Angela Ferrazza, Hersey’s Student Success Coach, listens to Brown’s account and laughs. “I’m just competitive enough that I’m going to top that,” she said. Her job, she explains, involves reviewing student internship applications, interviewing students and finding good work-experience matches. She remembers interviewing Alex and Miguel individually and reaching the same conclusion for both.

“Their requests, in scope, were nothing like a typical student, in which we could set up an internship for coding or an introduction to working the front and backend of a web site. These two had already done it. They came in asking for experiences we couldn’t possibly fulfill. I asked them to come in together, and I was honest; I said, ‘I feel like I’m going to fail you. In fact, it feels like maybe there’s something you can teach.’ ”

So they did. Working with Ferrazza and other Hersey staff, Miguel and Alex established their own academically accredited 60-hour internship experience: Hersey Developers, composed of a 20-hour skills segment followed by a 40-hour project component. Together, Alex and Miguel guide interns through the development of websites to be used within District 214.

“We got as close to offering a professional software development experience as they possibly could get as high school students,” Miguel said. “We had them work through realistic real world software development tasks. We hosted orientation meetings; we discussed coursework assignment and learning skills. In the second phase – the project phase - we met to discuss and assign project tasks.” In their role as instructors, Alex and Miguel evaluated interns’ work and gave essentially real-time feedback.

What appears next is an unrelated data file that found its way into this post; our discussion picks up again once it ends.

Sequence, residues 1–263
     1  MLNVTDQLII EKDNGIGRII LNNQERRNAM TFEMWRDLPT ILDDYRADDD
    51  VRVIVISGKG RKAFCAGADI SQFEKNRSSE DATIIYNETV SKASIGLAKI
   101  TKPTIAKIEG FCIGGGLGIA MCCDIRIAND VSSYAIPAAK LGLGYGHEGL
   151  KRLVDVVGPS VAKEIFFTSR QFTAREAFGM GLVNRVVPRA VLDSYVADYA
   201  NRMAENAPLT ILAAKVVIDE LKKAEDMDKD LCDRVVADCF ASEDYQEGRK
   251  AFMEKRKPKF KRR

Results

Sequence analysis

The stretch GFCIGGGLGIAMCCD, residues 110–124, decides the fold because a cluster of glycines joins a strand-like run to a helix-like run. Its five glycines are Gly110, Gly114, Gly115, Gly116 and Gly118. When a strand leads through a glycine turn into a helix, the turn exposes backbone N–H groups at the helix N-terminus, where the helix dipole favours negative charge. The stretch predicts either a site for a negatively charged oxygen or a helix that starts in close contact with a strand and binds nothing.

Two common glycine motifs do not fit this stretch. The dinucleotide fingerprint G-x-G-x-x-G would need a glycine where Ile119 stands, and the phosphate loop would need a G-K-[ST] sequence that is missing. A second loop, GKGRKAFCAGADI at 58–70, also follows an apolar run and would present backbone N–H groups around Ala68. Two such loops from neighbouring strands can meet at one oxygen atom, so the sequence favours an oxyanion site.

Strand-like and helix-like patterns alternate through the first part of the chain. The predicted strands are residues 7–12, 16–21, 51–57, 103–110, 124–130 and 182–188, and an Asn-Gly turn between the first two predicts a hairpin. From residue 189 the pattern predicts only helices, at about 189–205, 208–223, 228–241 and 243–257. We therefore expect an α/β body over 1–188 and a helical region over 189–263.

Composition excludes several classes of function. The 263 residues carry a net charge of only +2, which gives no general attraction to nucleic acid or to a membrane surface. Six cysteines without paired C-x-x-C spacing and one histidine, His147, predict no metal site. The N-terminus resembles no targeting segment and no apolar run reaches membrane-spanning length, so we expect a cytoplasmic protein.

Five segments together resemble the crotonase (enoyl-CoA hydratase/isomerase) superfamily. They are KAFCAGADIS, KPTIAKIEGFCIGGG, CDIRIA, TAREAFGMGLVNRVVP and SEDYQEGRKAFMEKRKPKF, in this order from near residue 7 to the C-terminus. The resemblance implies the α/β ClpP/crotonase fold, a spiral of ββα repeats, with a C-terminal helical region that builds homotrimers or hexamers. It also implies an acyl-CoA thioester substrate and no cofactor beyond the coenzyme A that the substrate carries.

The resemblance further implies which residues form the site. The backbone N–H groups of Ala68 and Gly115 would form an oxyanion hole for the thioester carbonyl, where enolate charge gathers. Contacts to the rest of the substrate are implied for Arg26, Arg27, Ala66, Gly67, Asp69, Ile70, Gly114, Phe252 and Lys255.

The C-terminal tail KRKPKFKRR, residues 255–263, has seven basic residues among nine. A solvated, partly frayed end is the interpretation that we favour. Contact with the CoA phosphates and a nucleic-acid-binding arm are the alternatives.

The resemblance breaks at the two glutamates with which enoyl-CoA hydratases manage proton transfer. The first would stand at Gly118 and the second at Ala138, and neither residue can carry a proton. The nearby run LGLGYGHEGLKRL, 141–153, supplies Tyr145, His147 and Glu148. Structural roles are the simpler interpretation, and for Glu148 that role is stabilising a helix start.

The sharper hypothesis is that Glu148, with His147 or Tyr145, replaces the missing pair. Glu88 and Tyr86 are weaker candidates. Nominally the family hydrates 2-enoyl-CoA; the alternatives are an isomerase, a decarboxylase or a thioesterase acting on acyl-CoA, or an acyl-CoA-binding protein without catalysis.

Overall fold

In its first year, Hersey Developers saw 18 students successfully complete the program. For their second year, Alex and Miguel learned from the initial effort, applied tweaks to make it even more robust and this year successfully guided 27 students through the internship - all the while investing literally hundreds of hours of their own time – above and beyond their own AP-laden class schedules.

How did the friends arrive at this point, initiating and delivering projects so far above and beyond the norm? Miguel says that a childhood interest in Legos led to middle school programming and eventually a programming course via MIT. He cites, too, finding part-time work at a remodeling company’s IT Department that lets him apply his software skills in a business setting. Miguel has built for his employer a cloud-based customer database that manages data on more than 30,000 customers.